Practical Tips for Protecting Yourself from Data Breaches
Data breaches and ransomware attacks in recent years have forced enterprises to reevaluate the security programs and countermeasures they have implemented.
As important as it is to protect customer/sensitive information from being compromised, it is also critical to protect one’s own data. Information Security is not only the responsibility of the compliance team; every individual is a custodian of information security policy and responsible for protecting sensitive information.
Throughout history, “humans” have been considered the weakest link in the Information Security chain, and “Insider Threat” is considered to be one of the topmost challenges for CISOs across organizations. However, as individuals, there are a few small measures we can take to stay protected from data breaches:
Protect all Endpoints
Be it laptop, desktop or smartphones: all need to be protected. Ensure that you have all the latest versions of software installed and anti-virus is also installed. We often ignore this rule for smartphones, thinking it is unnecessary, but that is the most critical device to protect. A lot of financial losses at individual levels have happened because bank credentials were compromised through smartphones. Hackers can even access corporate networks using your smartphones, since most of us today check official emails on our mobile devices. Therefore, it becomes very important to patch your systems with critical updates that are released by OEMs like Microsoft, Adobe, etc. from time to time.
Protection from Phishing Attacks
When we were children, our parents used to tell us not to talk to strangers or take any gifts from them. Similarly, if you see any messages in your inbox where the sender or email address is unknown or seems fake, do not click on it, as it may result in a potential system attack. This is true for both emails and browser links or ads that promise some freeware.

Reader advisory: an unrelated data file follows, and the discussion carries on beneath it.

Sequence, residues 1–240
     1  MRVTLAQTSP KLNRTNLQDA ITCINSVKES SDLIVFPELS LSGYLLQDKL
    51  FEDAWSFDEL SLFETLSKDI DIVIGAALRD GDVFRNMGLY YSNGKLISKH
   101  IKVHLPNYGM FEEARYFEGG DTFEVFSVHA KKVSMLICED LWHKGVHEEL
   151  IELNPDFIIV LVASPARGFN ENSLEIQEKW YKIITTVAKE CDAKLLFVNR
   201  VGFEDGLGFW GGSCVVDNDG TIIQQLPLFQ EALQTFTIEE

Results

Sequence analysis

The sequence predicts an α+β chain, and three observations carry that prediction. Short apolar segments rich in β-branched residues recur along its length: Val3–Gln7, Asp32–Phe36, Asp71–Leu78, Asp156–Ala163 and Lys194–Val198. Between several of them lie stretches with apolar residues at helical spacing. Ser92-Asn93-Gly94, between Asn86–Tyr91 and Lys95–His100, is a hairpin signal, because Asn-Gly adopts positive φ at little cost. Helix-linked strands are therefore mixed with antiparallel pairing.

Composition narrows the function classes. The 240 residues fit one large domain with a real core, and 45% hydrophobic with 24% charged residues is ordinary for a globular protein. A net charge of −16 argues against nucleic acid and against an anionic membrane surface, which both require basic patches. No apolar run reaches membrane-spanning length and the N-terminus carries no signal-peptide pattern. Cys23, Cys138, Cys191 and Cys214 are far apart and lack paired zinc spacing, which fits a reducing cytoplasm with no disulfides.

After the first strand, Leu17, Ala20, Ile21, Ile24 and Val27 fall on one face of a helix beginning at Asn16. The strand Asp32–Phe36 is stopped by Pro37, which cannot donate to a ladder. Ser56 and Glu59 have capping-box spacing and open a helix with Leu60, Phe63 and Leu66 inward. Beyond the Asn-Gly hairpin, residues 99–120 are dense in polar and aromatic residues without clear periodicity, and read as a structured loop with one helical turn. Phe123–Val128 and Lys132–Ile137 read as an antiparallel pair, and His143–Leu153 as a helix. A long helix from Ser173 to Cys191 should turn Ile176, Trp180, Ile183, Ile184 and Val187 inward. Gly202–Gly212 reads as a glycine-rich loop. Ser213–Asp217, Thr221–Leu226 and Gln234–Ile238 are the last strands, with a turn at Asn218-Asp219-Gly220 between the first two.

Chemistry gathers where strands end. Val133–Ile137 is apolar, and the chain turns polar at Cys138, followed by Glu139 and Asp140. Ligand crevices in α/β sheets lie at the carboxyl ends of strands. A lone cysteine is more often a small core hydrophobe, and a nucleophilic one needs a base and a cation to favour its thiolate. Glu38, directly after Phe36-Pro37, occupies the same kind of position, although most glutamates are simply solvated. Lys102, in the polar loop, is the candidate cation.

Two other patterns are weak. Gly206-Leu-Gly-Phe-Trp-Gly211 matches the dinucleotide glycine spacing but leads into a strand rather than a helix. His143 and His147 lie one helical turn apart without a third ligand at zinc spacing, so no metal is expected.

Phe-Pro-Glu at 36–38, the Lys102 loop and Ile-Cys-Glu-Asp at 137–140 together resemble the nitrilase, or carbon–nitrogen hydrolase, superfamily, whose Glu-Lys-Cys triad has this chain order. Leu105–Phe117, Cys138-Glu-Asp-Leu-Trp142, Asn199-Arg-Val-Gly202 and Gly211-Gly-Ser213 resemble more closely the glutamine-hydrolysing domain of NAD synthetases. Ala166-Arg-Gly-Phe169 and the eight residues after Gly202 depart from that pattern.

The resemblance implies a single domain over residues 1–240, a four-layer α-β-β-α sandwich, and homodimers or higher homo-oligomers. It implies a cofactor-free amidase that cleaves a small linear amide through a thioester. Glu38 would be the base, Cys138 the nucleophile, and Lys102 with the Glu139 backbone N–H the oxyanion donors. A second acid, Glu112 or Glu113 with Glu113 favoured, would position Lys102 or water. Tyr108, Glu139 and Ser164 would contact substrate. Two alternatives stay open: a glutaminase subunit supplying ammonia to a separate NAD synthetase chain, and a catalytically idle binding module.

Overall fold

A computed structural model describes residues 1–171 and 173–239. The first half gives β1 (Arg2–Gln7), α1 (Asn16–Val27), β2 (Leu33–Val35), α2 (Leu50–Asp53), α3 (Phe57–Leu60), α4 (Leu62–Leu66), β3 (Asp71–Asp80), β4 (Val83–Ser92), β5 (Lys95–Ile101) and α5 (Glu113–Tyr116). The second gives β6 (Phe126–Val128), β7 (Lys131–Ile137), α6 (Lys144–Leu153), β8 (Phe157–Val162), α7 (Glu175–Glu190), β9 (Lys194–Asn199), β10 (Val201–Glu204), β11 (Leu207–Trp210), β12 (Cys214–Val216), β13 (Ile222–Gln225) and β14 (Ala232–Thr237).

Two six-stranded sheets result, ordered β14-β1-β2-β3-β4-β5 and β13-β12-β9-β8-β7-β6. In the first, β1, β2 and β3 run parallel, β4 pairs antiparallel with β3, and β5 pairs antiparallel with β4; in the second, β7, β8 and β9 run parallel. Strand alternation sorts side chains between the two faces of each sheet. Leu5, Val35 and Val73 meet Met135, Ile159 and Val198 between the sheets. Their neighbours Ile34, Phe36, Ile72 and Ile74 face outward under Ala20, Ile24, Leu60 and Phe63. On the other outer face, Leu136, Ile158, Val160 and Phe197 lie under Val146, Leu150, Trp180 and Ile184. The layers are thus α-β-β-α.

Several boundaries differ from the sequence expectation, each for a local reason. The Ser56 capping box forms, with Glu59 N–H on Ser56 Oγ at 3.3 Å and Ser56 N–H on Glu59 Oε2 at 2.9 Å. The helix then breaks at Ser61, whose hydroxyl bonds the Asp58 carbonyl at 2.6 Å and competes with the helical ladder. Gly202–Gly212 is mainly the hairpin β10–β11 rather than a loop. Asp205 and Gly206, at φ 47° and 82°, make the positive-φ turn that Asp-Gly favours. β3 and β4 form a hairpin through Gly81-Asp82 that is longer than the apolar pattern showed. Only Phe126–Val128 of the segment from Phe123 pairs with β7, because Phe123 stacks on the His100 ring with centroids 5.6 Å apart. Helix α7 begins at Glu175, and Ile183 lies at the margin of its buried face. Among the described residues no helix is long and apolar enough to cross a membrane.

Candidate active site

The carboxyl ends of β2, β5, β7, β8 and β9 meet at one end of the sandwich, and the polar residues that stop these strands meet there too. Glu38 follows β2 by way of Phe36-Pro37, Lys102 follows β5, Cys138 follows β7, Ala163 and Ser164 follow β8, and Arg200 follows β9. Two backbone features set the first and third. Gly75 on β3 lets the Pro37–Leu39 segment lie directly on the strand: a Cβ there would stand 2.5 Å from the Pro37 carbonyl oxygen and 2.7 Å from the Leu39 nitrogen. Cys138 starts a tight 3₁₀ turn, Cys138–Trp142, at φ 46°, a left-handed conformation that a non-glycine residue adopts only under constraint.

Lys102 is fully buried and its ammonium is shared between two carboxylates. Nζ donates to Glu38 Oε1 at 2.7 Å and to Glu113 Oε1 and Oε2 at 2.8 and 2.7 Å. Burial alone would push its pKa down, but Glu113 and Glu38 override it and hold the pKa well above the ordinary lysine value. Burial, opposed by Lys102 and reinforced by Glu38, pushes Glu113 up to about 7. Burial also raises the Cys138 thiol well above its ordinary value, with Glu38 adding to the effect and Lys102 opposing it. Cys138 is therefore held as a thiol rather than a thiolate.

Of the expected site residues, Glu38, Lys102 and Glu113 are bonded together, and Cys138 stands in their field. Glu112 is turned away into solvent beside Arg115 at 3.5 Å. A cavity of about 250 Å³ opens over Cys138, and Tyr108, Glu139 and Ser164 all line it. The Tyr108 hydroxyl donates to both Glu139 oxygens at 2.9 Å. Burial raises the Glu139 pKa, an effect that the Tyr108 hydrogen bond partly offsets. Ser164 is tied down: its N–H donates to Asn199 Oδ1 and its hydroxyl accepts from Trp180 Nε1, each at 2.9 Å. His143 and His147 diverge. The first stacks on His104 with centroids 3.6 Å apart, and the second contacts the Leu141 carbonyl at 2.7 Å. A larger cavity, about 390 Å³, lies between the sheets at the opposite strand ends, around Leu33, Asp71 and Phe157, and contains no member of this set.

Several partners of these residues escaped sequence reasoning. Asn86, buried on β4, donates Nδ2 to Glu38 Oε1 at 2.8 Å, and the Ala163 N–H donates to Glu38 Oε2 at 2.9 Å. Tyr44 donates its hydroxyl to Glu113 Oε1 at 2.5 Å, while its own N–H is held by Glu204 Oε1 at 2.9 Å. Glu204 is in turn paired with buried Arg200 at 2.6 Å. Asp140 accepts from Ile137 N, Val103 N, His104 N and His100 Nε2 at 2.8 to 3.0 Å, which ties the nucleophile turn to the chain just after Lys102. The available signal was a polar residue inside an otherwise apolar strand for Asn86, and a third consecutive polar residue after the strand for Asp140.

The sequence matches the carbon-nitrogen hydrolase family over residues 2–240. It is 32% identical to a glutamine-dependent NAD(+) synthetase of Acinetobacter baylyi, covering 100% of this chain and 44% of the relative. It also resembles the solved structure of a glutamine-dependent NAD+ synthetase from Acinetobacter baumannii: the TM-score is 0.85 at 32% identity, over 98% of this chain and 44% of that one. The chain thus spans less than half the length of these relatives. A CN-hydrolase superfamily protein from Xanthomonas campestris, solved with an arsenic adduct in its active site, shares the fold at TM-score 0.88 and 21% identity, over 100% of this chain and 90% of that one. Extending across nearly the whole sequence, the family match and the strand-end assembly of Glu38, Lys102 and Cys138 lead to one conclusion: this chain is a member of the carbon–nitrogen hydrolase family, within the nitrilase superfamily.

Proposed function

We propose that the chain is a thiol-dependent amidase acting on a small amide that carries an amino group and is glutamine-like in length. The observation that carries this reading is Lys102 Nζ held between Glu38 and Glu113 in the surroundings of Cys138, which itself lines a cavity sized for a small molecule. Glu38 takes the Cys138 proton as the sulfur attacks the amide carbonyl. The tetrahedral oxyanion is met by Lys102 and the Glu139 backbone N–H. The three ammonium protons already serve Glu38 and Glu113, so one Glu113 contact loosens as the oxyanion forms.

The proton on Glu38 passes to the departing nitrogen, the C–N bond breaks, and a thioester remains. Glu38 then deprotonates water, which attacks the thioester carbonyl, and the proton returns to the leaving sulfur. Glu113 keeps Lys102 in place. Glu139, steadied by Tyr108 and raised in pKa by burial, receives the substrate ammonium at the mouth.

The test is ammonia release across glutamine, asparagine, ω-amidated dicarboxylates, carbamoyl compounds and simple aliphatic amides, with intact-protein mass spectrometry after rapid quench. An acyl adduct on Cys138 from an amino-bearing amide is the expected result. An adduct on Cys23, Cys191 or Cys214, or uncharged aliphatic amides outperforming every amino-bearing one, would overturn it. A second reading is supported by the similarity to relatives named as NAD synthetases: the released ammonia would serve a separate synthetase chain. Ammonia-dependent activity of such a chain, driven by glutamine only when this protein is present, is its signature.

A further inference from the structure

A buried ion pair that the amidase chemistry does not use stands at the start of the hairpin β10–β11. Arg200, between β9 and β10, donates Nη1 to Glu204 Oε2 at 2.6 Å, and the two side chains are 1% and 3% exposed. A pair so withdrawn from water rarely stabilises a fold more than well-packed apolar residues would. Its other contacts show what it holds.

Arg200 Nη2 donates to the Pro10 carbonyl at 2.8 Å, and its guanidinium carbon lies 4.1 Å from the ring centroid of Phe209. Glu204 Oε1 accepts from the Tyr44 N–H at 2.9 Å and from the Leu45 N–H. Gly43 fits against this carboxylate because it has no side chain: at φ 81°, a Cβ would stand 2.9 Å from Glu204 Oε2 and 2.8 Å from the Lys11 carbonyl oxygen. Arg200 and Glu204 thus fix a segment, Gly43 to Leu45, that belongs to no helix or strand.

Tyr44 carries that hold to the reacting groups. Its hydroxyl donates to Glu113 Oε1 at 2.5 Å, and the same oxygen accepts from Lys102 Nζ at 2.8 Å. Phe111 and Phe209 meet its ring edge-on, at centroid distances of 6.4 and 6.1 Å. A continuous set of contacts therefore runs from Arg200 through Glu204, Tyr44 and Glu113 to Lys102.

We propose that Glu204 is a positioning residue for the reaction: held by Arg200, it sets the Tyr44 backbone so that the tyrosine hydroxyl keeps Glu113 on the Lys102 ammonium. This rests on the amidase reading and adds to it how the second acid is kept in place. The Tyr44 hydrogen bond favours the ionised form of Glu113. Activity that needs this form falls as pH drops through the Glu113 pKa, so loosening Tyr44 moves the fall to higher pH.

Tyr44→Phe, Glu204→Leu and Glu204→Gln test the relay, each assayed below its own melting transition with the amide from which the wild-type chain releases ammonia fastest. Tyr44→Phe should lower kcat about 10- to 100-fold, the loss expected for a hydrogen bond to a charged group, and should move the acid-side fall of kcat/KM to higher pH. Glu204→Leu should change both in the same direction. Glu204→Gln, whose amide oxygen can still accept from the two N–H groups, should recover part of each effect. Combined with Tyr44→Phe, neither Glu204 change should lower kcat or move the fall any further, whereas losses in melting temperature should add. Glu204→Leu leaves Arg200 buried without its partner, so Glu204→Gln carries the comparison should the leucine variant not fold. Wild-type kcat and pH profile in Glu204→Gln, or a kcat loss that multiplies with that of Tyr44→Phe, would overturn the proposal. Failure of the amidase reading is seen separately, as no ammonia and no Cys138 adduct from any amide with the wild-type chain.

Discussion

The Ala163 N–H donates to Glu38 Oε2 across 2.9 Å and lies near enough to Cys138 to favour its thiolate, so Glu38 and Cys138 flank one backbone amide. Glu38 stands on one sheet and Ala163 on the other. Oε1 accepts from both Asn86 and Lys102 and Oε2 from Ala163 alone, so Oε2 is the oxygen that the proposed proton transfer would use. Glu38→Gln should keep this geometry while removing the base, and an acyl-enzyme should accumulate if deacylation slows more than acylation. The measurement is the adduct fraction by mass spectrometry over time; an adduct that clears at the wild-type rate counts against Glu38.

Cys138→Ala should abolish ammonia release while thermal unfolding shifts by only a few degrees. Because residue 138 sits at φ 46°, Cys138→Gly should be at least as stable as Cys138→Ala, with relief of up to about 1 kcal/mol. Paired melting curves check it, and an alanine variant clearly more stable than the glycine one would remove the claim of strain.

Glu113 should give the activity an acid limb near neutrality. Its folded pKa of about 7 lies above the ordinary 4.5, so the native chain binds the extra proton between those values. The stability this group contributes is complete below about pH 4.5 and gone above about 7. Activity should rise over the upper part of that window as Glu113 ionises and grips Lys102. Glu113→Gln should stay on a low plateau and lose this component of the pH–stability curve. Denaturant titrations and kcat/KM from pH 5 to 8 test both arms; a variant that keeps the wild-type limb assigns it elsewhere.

Have you ever kept a single password for all your accounts or used your date of birth, child’s name or spouse’s name in passwords? I am sure many of us would say, “Yes.” One rule of thumb in protecting data is to ensure that your passwords are complex, non-repeatable and non-identifiable to an individual. For example, “abc123” and “password12345” are not as strong as “i5!sMyP@s4” or “t@136Jb45k.” In addition, ensure that you change the passwords of your bank accounts and email accounts from time to time. Just as you would keep money safely in a bank or jewelry in a locker, always keep your mobile password protected to prevent people from stealing and misusing sensitive information.
Use Multi-Factor Authentication
Many sites and banks these days offer an extra layer of defense through multi-factor authentication. For example, in Gmail you can now have a password and a one-time pin (OTP) for logging into the account. Similarly, when transferring funds from one bank account to another, a bank may ask for your transaction password and require an OTP that is sent to your phone or authentication using some digits of your card. Even in smartphones, you can enable a combination of PIN and fingerprint for authentication. This is called “multi-factor authentication,” or the use of more than one method for authentication. You should turn this on for your bank accounts, email accounts and smartphones to ensure that extra layer of defense.
Lock, Lock & Lock
As the name states—whether it is your phone, laptop, desktop or drawer—ensure that nothing is left unattended, and when it is, it should always be locked.
There is a proverb that says, “The only truly secure system is one that is powered off, cast in a block of concrete and sealed in a lead-lined room with armed guards.” In reality, we cannot cage our systems or power them off, so it is better to be more disciplined, implement some of the security measures at an individual level and prepare our defenses well to stay protected and cyber resilient.